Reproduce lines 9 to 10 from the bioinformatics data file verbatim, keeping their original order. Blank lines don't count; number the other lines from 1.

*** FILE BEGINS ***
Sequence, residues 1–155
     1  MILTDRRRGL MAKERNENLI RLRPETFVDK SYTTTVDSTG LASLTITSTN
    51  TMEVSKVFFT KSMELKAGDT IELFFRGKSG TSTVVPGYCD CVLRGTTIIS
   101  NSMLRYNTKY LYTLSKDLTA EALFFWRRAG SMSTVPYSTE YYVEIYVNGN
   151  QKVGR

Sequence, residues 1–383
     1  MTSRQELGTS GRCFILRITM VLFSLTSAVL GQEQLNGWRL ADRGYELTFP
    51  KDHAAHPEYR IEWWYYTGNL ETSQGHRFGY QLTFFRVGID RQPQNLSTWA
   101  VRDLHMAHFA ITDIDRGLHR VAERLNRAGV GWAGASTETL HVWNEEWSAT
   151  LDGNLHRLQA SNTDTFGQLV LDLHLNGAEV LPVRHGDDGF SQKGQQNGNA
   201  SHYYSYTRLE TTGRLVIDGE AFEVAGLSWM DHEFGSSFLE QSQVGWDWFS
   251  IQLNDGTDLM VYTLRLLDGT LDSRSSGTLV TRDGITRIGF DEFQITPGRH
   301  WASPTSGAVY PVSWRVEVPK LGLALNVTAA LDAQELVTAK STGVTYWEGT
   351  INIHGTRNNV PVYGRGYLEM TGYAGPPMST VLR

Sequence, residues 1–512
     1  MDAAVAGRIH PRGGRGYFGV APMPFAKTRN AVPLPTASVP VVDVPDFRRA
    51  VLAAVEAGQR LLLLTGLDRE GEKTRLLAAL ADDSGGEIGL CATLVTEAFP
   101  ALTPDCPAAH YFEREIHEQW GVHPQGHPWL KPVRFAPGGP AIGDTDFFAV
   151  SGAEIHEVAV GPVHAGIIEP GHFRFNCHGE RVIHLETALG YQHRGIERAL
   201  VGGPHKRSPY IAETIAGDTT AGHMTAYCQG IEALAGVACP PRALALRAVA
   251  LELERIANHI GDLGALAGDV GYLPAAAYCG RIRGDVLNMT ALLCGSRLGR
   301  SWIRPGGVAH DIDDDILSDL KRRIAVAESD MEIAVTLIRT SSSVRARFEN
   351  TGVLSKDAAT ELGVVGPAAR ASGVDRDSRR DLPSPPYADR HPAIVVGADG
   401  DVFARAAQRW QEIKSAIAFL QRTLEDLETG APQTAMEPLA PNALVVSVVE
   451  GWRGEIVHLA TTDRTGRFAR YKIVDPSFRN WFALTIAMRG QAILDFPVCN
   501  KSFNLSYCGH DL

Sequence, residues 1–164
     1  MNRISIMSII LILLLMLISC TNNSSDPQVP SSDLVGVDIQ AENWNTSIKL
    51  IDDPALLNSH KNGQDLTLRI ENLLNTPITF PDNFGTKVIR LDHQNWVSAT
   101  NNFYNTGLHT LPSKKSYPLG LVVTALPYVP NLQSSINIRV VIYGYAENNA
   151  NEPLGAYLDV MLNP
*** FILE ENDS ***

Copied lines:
   101  VRDLHMAHFA ITDIDRGLHR VAERLNRAGV GWAGASTETL HVWNEEWSAT
   151  LDGNLHRLQA SNTDTFGQLV LDLHLNGAEV LPVRHGDDGF SQKGQQNGNA